Weigh all the risks of bringing criminal charges against terminated employee

Sometimes employee misbehavior is so egregious that you’re tempted to call the police. But you should think twice before filing criminal charges against a former employee. Consider all the possible consequences.

Among them: You might find your organization on the receiving end of a malicious-prosecution lawsuit.

Recent case: Vilma worked for a dental practice with several locations. She started as a part-time receptionist but quickly assumed greater responsibilities, went full-time and earned significant salary increases.

The practice included several dentists, on whom it relied for specific information relating to treatments, patient billing and authorizations for account adjustments or discounts.

Vilma claimed later that several of the dentists routinely gave oral approval for employees and family members to receive discounts. Her job included entering those approved discounts into the payment and collections system.

She made a number of changes to charges for her own family members, including her husband. The dental practice didn’t have any specific discount rules in its handbook.

The practice did have a sexual harassment policy that required all managers and supervisors to report harassment they observed and forward all employee harassment claims to HR for investigation.

As part of a promotion, Vilma transferred to a new office, where she worked with an office manager and a regional manager. That’s when she alleged she began experiencing sexual harassment. Vilma says she told the office manager she was uncomfortable with the actions of the regional manager.

On two occasions, he engaged in conduct she saw as offensive while the office manager looked on and ignored him. First, he allegedly told them both that he had recently had sex with an employee and then gone home to have sex with his wife the same day. He also allegedly put his genitals, while still clothed, on Vilma’s desk and stated, “They just want to sit and relax on your desk.” The office manager never reported the incidents to HR.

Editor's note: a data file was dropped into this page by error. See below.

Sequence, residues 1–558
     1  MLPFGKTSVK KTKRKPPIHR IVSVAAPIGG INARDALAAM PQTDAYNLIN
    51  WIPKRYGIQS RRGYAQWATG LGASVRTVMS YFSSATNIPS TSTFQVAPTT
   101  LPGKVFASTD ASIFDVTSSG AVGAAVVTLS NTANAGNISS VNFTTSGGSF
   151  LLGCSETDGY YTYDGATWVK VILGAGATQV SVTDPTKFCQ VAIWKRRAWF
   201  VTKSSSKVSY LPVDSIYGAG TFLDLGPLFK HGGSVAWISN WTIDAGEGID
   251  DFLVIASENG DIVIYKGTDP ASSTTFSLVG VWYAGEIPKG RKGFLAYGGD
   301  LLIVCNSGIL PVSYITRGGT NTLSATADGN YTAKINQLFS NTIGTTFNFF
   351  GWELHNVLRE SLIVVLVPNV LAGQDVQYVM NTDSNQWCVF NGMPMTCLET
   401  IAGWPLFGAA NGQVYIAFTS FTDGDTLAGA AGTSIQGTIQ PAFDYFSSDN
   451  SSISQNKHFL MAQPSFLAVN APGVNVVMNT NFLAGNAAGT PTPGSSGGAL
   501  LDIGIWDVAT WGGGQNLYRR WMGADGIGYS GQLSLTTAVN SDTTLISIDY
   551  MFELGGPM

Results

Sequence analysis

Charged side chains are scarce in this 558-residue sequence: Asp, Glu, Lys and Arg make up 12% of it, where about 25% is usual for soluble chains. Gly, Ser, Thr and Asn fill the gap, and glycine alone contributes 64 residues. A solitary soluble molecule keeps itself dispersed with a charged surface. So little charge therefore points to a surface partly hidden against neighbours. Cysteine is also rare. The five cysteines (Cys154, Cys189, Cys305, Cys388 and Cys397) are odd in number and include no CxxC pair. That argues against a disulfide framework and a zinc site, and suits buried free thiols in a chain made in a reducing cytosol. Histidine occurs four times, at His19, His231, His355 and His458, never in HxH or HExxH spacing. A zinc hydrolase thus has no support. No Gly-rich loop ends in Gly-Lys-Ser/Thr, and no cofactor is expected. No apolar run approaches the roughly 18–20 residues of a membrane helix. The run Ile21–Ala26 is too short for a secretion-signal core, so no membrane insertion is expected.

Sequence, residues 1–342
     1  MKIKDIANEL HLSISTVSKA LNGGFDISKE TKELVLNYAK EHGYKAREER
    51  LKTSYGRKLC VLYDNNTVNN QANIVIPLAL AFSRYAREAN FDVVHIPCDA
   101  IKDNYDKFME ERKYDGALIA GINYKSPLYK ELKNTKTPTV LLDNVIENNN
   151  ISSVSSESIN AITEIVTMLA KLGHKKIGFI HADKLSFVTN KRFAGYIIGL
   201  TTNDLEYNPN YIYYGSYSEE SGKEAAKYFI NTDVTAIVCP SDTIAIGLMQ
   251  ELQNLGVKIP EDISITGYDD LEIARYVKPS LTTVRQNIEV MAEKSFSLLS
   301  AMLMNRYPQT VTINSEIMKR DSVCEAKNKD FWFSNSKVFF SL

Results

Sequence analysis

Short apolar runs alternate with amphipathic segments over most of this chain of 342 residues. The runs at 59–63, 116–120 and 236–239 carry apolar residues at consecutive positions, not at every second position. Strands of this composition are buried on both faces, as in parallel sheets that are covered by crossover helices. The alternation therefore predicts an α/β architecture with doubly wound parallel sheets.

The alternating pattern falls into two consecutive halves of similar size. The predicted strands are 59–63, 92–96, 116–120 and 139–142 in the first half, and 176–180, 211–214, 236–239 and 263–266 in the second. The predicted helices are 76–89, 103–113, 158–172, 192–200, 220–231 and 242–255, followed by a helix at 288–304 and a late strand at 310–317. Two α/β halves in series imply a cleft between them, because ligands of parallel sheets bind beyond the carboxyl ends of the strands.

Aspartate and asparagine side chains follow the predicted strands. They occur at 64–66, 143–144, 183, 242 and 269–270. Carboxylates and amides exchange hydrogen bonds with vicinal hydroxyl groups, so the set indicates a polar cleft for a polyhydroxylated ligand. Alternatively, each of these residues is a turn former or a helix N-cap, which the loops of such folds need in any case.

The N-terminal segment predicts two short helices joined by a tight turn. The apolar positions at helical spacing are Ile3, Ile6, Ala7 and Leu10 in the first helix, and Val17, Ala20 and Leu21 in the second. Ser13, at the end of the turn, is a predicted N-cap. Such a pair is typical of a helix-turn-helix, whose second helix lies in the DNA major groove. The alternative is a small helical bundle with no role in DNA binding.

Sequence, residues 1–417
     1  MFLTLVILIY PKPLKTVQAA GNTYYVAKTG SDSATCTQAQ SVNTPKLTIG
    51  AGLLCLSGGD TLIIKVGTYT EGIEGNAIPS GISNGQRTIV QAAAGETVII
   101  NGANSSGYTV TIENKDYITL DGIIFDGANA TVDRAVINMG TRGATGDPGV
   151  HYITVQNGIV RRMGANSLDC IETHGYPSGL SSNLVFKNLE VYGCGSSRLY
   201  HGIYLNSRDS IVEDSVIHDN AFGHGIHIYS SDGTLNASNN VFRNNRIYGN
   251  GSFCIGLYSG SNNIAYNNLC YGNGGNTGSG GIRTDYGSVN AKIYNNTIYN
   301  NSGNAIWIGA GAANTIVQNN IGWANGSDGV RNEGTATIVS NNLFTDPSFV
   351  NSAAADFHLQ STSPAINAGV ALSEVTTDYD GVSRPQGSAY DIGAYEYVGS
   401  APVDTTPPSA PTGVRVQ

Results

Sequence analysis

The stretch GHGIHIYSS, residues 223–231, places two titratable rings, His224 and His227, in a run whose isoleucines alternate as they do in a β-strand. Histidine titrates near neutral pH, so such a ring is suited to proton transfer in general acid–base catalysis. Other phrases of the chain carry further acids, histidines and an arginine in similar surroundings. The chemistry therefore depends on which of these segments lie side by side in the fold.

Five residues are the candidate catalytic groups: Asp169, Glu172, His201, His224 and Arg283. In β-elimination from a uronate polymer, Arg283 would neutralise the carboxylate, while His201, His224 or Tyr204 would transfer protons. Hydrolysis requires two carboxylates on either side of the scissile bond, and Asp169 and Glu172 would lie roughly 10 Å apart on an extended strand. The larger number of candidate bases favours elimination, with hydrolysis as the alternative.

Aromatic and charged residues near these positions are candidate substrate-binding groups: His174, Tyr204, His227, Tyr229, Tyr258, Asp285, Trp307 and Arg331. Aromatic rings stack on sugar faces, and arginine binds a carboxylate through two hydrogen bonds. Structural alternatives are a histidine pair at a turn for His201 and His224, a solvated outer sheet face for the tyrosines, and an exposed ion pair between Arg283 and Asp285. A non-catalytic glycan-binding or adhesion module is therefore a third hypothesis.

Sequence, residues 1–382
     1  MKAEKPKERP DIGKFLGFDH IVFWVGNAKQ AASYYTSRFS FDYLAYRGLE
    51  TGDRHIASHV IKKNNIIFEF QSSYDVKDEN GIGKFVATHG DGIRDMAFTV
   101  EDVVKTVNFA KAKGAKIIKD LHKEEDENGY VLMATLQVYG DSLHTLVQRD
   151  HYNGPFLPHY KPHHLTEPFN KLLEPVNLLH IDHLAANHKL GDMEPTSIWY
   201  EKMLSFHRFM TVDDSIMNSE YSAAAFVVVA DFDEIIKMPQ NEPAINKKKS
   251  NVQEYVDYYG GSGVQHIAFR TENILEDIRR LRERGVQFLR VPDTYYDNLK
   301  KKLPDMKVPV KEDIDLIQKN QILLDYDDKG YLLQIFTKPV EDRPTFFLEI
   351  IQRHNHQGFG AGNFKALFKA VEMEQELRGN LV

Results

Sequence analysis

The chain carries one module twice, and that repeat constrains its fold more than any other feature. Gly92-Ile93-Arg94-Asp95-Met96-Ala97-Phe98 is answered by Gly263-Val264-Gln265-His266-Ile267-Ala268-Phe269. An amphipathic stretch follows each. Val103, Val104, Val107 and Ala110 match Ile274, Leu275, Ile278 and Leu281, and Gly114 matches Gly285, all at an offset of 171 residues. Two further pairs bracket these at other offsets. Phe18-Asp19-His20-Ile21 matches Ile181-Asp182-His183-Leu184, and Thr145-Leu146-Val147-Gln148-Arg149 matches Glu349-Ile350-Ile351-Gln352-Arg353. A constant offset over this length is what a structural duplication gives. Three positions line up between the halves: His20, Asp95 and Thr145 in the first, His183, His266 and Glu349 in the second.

Soon after, the practice moved Vilma to another position. It then allegedly discovered the various discounts Vilma had applied to her family’s dental bills. She was issued a written warning.

That’s when she told HR that the alleged harasser had “touched her.”

Vilma was fired soon after.

After receiving a “nasty letter from her lawyer,” the practice CEO wrote in an email, “Go after Vilma ASAP.” What followed were criminal charges against her for allegedly falsifying bills to reflect discounts the clinic now claimed were unauthorized. Eventually, the prosecuting attorney concluded that the timing was suspect and that there wasn’t enough evidence to prosecute Vilma.

Vilma then filed both sexual harassment charges and a malicious-prosecution claim. The court said both claims could proceed.

Specifically named in the lawsuit was the office manager who didn’t report the alleged sexual harassment to HR when she saw it and heard Vilma complain about other incidents. (Nokaj v. North East Dental Management, et al., SD NY, 2019)

Final note: Unless you are willing to make criminal accusations against an employee at the time you terminate her, don’t do it at all. Waiting until it’s clear the employee may sue looks suspiciously like piling on, which courts don’t like. There’s no cap on malicious-prosecution awards.